Thursday, March 29, 2018

The Fifth Son

Rabbi Ron Yitzchok Eisenman
I have never met Ron Yitzchok Eisenman, the Rabbi of Congregation Ahavas Israel in Passaic, New Jersey.  But I have read his words in periodicals like Mishpacha Magazine. I don’t know all that much about his background. But I can attest to his character based on how he act.

My first ‘encounter’ with that was a few years ago at the ‘Internet Asifa’- a gathering organized by Charedi rabbinic leaders designed to express the dangers of the internet and ban it from our homes. At the time survivors of sex abuse stood outside and protested the fact that the very real pain they suffer as survivors of abuse has never been treated with anywhere near the concern internet use has. They felt justifiably ignored.

Some of the attendees that saw the protesters sneered at them - objecting to their protest as inappropriate and irrelevant to the urgent agenda on the table. Which of course hurt them even more. But not Rabbi Eisenman. He attended the Asifa but left early to stand with survivors. I was impressed by that. 

Rabbi Eisenman is a product of Yeshiva University. But with his long beard, Kapote, and Chasidic hat he looks more like he belongs in Lakewood or Boro Park … in what must be a synthesis of the modern Orthodox world of YU and Charedi world. Perhaps that is why I like him so much. I like people that take the best of both worlds. I rarely if ever disagree with him (to the best of my recollection). 

Rabbi Eisenman publishes ‘The Short Vort’ - a weekly Dvar Torah that he emails to subscribers. The latest of which was sent to me by a Jerry Gothheil, who post comments here frequently. It is entitled My Fifth Son*. It stuck a cord with me.

I assume that the title is a take on the four sons of the Hagaddah, with his own fifth son, Aryeh representing a fifth son not mentioned. 

What makes Aryeh unique is the path in Judaism he took. Which is different from the one the Charedi world insists upon for their youth.

The Charedi world places on pedestals Lomdei Torah - those that study Torah. The more time they spend, the more they value them. Which is why the trajectory of their entire educational system in all grades and beyond is towards a life of pure Torah study – ultimately in a Kollel. That is the highest form of service to God.  

As one lessens the time spent on Torah study – even for legitimate reasons, so too lessens his value. Leaving a Kollel is usually done because of  the need to support a family. Not that they are considered bad by any means. Just not as great as the one who stays in Kollel learning full time. This is the accepted norm in Charedi circles. Those who don’t ‘make it’ in Kollel think of themselves that way.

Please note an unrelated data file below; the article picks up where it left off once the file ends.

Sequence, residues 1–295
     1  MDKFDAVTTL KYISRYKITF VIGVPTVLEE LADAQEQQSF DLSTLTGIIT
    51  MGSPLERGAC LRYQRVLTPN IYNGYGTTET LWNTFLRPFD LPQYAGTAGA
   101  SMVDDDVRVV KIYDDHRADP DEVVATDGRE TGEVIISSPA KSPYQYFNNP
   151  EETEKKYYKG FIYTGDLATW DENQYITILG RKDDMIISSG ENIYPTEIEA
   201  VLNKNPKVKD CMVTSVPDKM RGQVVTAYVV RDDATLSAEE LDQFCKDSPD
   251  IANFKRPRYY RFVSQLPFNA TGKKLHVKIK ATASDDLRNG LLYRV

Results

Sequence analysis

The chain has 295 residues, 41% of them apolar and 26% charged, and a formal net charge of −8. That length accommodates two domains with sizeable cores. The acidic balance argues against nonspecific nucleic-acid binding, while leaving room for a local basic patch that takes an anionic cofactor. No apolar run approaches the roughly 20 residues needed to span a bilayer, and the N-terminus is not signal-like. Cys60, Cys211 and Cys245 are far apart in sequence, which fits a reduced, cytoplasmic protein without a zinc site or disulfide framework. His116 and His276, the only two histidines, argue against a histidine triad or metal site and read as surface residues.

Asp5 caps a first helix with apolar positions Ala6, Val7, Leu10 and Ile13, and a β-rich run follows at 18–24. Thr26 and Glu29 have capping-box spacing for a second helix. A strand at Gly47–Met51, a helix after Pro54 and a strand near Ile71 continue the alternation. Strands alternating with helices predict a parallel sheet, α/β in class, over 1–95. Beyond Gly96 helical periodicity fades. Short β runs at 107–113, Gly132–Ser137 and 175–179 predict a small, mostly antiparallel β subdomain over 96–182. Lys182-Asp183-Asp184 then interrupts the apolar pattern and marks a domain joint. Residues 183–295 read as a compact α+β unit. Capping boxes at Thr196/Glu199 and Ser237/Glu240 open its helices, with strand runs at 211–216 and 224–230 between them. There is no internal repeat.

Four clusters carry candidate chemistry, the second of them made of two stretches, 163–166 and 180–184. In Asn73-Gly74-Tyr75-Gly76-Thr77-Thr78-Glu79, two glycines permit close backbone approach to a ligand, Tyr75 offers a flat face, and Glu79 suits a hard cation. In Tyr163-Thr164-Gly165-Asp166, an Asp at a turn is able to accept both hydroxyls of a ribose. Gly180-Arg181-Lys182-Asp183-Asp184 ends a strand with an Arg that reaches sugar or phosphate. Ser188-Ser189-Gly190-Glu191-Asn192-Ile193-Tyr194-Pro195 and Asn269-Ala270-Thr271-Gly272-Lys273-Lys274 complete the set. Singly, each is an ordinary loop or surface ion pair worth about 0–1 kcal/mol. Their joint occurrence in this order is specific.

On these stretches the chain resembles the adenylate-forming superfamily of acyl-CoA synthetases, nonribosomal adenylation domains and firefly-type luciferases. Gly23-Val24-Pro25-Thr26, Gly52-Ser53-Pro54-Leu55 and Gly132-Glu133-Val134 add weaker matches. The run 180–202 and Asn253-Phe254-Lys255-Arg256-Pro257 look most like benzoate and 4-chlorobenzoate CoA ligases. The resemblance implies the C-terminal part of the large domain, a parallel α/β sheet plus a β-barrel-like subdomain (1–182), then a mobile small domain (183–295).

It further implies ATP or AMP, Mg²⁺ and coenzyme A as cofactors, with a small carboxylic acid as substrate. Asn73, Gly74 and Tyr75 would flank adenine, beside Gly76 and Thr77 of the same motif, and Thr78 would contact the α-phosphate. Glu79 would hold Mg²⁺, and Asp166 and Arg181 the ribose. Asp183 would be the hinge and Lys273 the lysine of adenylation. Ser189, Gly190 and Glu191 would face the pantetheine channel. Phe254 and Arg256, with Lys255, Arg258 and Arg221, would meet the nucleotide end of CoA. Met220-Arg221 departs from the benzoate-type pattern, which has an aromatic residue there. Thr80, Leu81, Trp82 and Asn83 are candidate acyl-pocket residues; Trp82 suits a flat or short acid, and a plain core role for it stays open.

This is the mindset that Rabbi Eisenman seems to be addressing. His point is that a Jew should be valued by what his talents and abilities are and how he uses them in service to God. Not only by how well or how much Torah he studies.

Aryeh did not follow the path the Charedi world tries mightily to send everyone down into. Studying Torah in a Yeshiva was not where his talent lay. He decided to serve God in the direction his talents led him. In my view as well as that of his father’s, he is by far serving God much better than if he would have forced himself to stay in a yeshiva and eventually in a Kollel.

This is not to say that he wouldn’t have succeeded at some level. I’m sure he could have. There are a lot like him that do. They do not rise to the top, but are there nonetheless doing what they have been taught as the best way to serve God, no matter what other God given talents they have.

I agree with Rabbi Eisenman about his son. He describes in glowing terms how he has served God in his job. And he is very proud of him.This is the way we should all feel about our children. We should encourage them to use their talents in service to God rather than in the ‘cookie-cuttter’ way that Charedei education indoctrinates them to do.

It’s just too bad that he had to spell it out for us. Makes me wonder how much people like Aryeh are looked down upon in the Charedi world - just because they chose a different path. It surely makes life difficult for them in a variety of ways, not the least of which is in the Shiduch (for dating marriage) department. A working boy in the Charedi world does not get that many recommendations for dates.

That is because young women in the Charedi world are indoctrinated the same way. They are taught to value only boys that are learning. Which is why they are so often better educated than their husbands since part of their indoctrination is to support their husbands in Kollel. Which means getting the kind of education that will enhance their earning power.

Not so Aryeh.  He recently got engaged. Tova is described by Rabbi Eisneman as a jewel. This is clearly a  young woman who has not ‘bought the farm’. I wish them all a hearty Mazal Tov.  Now if only the rest of the Charedi world could see things through Rabbi Eisenman’s eyes.

* not available online